Brexit isn't the most serious threat to the EU -- the euro is
One surprising thing about Britain's vote to leave the EU is that the British economy has been doing better than a lot of European countries. Unemployment in the United Kingdom has fallen to 5 percent, its lowest level in a decade. In contrast, the average unemployment rate among countries that (unlike Britain) have joined the EU's common currency, the euro, is still above 10 percent.
And many economists argue that's not a coincidence -- that poor policies by the European Central Bank have systematically weakened growth in countries that have adopted the euro.
A new paper from economist David Beckworth makes the case that the economic woes of eurozone countries like Spain and Greece can ultimately be traced back to the euro itself. He argues that other problems in those countries, like their problems with high debt, were made worse by the ECB's tight-money policies.
This argument has huge implications. It suggests that without reforms, eurozone countries could continue suffering from slow growth and abnormally severe recessions for decades to come. That, in turn, will fuel public resentment against the EU and increase the danger that other countries will follow the UK's lead.
The stock markets that have been hardest hit by Brexit are in places like Italy, Spain and Greece, the epicenter of the on and off again eurozone crisis. This suggests that investors fear a contagion effect. Indeed with the sharp rally today, the FTSE100 is actually above it's pre-Brexit level, and even the more meaningful FTSE250 (which focuses on British domestic stocks), is only down about 7%, not much different from France and Germany).
I'm pretty skeptical of anyone's predictions as to how all of this will play out, including my own. Just to give you a sense of how hard this is to predict, consider the following hypothesis. Suppose Britain is able to successfully negotiate a Norway/Switzerland style agreement with the EU, and is also able to avoid the recession that almost everyone is now predicting. What then?
One effect would be to discredit the "experts" (like me) who warned that the UK should not exit the EU. And what implications might long-suffering citizens from Greece and Portugal draw from Britain's successful Brexit?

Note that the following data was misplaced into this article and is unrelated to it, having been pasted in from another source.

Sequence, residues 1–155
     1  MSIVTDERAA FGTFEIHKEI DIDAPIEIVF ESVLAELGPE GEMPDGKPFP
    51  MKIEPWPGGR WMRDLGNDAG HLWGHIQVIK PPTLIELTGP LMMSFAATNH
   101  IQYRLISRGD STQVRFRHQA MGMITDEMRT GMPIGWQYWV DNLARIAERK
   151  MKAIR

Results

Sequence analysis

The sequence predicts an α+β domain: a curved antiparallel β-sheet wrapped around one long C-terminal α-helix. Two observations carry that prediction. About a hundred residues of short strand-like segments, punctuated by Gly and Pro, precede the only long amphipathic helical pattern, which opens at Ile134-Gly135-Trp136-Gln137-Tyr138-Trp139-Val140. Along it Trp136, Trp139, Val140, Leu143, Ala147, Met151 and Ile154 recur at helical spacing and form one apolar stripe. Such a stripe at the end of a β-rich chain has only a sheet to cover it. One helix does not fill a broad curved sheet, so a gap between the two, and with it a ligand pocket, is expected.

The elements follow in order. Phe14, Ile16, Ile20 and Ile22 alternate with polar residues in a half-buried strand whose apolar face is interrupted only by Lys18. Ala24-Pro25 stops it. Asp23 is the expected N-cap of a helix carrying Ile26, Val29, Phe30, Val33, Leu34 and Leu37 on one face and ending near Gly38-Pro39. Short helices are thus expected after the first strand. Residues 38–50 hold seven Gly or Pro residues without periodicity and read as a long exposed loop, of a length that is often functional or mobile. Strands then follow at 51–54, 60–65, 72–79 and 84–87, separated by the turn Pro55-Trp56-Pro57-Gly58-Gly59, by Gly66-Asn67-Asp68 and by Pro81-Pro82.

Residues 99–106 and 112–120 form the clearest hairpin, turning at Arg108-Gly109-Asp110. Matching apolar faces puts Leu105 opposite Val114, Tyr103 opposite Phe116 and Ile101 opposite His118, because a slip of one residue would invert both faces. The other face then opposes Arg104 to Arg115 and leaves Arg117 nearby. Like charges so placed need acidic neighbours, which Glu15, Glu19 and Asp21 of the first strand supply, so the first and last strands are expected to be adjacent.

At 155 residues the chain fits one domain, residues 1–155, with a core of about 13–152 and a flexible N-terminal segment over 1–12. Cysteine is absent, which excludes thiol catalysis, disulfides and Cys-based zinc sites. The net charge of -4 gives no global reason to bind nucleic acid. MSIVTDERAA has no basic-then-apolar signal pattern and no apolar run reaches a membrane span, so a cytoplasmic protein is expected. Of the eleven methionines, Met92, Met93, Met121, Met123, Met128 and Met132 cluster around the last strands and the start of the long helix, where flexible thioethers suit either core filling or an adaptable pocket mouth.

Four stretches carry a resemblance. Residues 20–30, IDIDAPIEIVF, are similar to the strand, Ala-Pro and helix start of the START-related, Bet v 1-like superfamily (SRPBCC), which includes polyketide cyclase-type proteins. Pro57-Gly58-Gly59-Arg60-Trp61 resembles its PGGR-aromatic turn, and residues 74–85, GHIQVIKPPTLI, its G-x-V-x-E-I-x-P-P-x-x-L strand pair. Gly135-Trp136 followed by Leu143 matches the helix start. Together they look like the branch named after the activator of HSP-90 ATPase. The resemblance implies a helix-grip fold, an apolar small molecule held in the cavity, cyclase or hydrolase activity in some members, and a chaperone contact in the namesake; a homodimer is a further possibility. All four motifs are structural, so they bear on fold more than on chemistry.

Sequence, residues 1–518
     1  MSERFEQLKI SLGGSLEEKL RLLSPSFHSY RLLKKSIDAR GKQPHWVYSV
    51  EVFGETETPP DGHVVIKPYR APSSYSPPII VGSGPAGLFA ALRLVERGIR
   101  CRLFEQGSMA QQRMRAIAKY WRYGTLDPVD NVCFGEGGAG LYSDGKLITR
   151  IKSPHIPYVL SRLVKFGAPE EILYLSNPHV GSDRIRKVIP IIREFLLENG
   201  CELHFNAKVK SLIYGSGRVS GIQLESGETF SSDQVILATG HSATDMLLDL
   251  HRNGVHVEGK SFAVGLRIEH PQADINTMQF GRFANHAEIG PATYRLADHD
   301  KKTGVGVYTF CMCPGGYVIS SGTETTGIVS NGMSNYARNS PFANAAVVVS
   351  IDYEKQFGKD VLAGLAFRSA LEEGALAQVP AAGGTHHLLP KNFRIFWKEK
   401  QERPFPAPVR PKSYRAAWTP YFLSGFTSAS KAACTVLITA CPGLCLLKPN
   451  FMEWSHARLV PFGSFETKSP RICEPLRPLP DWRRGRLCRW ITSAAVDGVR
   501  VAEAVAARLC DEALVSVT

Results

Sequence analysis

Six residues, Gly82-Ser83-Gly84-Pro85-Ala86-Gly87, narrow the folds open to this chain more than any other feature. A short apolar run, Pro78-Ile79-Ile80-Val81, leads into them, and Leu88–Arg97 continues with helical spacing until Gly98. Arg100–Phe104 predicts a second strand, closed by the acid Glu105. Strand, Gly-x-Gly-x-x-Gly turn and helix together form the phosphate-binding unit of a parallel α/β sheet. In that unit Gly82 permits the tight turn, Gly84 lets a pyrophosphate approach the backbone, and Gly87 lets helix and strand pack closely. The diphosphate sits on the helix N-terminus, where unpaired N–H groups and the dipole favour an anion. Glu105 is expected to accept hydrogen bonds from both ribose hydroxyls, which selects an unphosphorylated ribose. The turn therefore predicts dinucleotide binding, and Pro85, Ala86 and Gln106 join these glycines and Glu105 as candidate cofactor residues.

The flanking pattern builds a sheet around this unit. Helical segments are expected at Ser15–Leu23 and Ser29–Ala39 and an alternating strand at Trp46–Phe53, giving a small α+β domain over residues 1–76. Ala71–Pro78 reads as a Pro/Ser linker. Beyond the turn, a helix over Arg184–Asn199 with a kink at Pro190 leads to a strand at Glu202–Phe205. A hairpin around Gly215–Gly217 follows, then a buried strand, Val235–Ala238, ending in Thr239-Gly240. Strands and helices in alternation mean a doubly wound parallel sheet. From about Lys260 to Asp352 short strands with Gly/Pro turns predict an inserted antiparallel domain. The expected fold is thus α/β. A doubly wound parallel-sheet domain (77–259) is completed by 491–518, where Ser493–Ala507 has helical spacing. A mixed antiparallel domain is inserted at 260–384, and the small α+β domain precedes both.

And here's something else to think about. If Greece noticed that the UK did well with its Brexit, and that led to a "Grexit", the results might be far worse. The Greek banking system might collapse for reasons explained in Timothy Lee's post, and the contagion effect could also hit the banking systems of the other PIGS.
In other words, while real factors are the dominant influence on long run growth, over business cycle frequencies it is monetary factors that dominate. The one issue Britain does not have to deal with is exiting the euro. And that's the most difficult problem of all.
Just to be clear, it's by no means certain that Britain will be able to negotiate a Norway/Switzerland type solution. The two sides are still far apart on immigration, and the EU is in no mood to hand out favors to the Brits. But in the end, serious countries do tend to muddle through, and come up with some sort of agreement. If that tempts some of the eurozone members to also try exiting, we may get a clear test of my view that monetary shocks tend to be more disruptive than real shocks, at least in the short run.
PS. I hope EU negotiators don't read this post and vow to make the UK suffer. If so, I apologize to Boris.
PPS. The mainstream media still hasn't quite figured out that Brexit is a problem because it tightens monetary conditions. But they are getting closer, worrying that Brexit leads to "tighter financial conditions."